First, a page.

Penfolds Max's Shiraz-Cabernet Sauvignon 2018
Magenta core with crimson edges. A gorgeous amalgamation of two expressive varietals, each flattering the other in a synergistic union. Ripe cherry and Swiss milk chocolate aromatics invites further investigation. A second swirl releases cabernet varietal-derived spearmint, interwoven with raspberry, cinnamon and fennel. A lovely balanced palate with fresh red currant and plum fruit backed by lively acidity. There is more than a hint of charcuterie with cured fennel sausage foremost in mind. Seasoned oak has integrated well to deliver a creamy texture and cola spice nuances. Fruit derived tannins are both fine and velvety.
Blend: 64% Shiraz, 36% Cabernet
Critical AcclaimAll Vintages
In the vast range of Penfolds reds, this is an affordable option that offers all the power, plushness and polish of the upper tier wines, with a drink-now factor. Ripe red and black berry fruit and pepper spice is framed in glossy, milk chocolaty oak. The palate is mouthfilling, with but not lacking in freshness. Tannins are chewy and on the oaky side. A distinctly Aussie blend to pair with a slab of protein. Treasury Wine Estates.
Penfolds has been producing remarkable wines since 1844 and indisputably led the development of Australian fine wine in the modern era. The introduction of Penfolds Grange in 1951 forever changed the landscape of Australian fine wine. Since then a series of stand-out wines both white and red have been released under the Penfolds masthead.
Peter Gago, Penfolds Chief Winemaker and only the 4th custodian of Grange, relishes the opportunity to bring Penfolds to the world stage and is an enthusiastic ambassador and natural educator. Penfolds came to the attention of the US market when 1990 Grange was Wine Spectator’s ‘Wine of the Year’. Since then, Penfolds Grange has become one of the most collectable wines of the world and was honored to grace the front cover, once again, of Wine Spectator, with declarations of Grange as Australia’s Icon.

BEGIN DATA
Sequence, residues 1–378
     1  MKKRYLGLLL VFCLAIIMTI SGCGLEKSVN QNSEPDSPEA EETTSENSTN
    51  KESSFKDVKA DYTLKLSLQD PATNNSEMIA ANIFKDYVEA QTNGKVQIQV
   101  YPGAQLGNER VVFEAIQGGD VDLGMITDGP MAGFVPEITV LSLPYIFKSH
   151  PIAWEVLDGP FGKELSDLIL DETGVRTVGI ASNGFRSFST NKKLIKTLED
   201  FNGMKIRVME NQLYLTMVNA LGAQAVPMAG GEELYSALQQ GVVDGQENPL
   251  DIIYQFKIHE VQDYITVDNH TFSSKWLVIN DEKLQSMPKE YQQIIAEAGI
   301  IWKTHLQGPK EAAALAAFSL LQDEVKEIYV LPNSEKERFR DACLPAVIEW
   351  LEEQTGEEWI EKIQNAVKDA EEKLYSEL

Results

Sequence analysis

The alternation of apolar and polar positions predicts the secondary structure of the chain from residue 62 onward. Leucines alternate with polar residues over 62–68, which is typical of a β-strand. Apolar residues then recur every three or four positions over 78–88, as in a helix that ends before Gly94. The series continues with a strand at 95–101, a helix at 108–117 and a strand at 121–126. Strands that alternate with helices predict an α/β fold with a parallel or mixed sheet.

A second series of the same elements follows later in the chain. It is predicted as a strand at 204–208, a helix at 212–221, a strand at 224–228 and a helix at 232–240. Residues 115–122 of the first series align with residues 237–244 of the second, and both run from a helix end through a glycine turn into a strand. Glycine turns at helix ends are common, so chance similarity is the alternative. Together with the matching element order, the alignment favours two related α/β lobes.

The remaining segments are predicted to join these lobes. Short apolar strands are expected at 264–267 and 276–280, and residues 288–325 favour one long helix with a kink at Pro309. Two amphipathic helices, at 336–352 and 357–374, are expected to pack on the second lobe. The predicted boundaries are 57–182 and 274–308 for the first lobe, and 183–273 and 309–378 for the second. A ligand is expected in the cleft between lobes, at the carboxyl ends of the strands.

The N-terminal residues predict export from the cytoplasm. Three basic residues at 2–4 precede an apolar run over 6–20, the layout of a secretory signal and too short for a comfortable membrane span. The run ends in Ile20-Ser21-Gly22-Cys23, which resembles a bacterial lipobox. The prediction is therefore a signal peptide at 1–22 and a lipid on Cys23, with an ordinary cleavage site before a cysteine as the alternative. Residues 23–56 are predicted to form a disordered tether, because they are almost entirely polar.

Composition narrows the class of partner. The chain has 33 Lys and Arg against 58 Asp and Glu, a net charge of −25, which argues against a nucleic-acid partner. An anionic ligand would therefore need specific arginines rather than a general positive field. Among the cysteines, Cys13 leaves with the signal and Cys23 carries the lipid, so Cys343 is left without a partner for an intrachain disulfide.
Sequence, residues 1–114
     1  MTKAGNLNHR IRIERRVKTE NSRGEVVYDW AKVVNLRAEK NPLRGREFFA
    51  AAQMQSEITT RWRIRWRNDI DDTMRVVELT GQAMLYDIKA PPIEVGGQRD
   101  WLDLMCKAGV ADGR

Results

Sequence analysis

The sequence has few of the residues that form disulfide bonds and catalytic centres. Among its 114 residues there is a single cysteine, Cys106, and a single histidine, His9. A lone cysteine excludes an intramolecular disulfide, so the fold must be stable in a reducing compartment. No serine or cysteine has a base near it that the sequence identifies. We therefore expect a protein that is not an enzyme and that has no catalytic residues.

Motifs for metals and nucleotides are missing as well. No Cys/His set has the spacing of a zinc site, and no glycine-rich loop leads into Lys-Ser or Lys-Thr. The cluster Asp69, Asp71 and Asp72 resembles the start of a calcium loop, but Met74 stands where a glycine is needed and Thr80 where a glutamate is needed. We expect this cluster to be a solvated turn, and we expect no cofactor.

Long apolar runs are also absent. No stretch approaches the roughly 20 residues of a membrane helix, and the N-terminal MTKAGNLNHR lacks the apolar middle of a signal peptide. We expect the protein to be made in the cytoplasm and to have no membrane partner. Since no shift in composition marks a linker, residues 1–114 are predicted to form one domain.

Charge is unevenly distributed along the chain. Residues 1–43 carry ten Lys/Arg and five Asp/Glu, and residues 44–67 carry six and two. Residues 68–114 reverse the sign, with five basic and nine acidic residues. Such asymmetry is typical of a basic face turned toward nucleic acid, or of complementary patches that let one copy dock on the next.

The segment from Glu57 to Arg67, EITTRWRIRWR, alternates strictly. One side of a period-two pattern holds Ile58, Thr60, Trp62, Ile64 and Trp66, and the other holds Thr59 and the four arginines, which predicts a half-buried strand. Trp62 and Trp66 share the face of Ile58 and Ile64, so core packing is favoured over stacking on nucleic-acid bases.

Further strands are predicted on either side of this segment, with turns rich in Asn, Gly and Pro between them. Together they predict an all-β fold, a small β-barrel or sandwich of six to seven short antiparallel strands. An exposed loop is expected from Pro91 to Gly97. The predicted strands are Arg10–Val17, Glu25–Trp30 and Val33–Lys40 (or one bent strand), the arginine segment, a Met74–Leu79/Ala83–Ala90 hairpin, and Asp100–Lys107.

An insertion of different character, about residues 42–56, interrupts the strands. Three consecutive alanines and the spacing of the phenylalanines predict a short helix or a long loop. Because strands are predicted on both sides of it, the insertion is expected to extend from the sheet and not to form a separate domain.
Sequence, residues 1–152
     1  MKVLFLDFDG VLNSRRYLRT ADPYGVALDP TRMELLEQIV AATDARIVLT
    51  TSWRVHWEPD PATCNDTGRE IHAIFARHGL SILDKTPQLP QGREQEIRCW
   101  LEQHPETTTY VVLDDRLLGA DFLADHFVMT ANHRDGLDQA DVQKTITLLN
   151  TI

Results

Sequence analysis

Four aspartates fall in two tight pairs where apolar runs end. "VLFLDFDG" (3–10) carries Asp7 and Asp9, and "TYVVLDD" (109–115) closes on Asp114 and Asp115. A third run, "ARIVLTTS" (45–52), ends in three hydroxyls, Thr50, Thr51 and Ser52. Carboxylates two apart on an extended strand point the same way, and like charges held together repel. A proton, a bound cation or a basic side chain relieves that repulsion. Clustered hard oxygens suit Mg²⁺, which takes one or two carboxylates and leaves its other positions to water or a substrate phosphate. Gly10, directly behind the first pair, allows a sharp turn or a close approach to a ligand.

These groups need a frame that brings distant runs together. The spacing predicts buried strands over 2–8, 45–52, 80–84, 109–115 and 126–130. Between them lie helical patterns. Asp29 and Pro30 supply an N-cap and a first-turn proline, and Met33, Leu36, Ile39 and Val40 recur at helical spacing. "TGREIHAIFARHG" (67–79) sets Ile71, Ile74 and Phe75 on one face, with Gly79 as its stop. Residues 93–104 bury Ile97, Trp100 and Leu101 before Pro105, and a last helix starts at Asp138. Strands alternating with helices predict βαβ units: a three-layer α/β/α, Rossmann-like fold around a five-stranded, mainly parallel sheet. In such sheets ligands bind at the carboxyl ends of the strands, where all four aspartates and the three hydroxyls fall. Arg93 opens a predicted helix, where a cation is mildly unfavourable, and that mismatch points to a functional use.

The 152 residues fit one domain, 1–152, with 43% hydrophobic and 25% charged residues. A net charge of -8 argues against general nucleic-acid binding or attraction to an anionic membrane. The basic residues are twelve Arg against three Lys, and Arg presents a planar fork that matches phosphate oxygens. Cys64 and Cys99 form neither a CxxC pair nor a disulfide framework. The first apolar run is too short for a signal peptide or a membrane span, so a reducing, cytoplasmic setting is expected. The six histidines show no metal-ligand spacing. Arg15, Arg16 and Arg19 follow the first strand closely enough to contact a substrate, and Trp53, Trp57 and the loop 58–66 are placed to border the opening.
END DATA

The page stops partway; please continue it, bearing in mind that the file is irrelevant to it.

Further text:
South Australia is the historic heart of Australian wine, a great wine capital of the world, and home to some of the most famous regions. It produces more than 80% of Australia’s premium wine from some of the oldest vines in the world. There is an abundance of varieties and wide spectrum of styles to explore. From the rogue to refined, discover Australian wines that are far from ordinary.
With hundreds of red grape varieties to choose from, winemakers have the freedom to create a virtually endless assortment of blended red wines. In many European regions, strict laws are in place determining the set of varieties that may be used, but in the New World, experimentation is permitted and encouraged resulting in a wide variety of red wine styles. Blending can be utilized to enhance balance or create complexity, lending different layers of flavors and aromas. For example, a red wine blend variety that creates a fruity and full-bodied wine would do well combined with one that is naturally high in acidity and tannins. Sometimes small amounts of a particular variety are added to boost color or aromatics. Blending can take place before or after fermentation, with the latter, more popular option giving more control to the winemaker over the final qualities of the wine.
How to Serve Red Wine
A common piece of advice is to serve red wine at “room temperature,” but this suggestion is imprecise. After all, room temperature in January is likely to be quite different than in August, even considering the possible effect of central heating and air conditioning systems. The proper temperature to aim for is 55° F to 60° F for lighter-bodied reds and 60° F to 65° F for fuller-bodied wines.
How Long Does Red Wine Last?
Once opened and re-corked, a bottle stored in a cool, dark environment (like your fridge) will stay fresh and nicely drinkable for a day or two. There are products available that can extend that period by a couple of days. As for unopened bottles, optimal storage means keeping them on their sides in a moderately humid environment at about 57° F. Red wines stored in this manner will stay good – and possibly improve – for anywhere from one year to multiple decades. Assessing how long to hold on to a bottle is a complicated science. If you are planning long-term storage of your reds, seek the advice of a wine professional.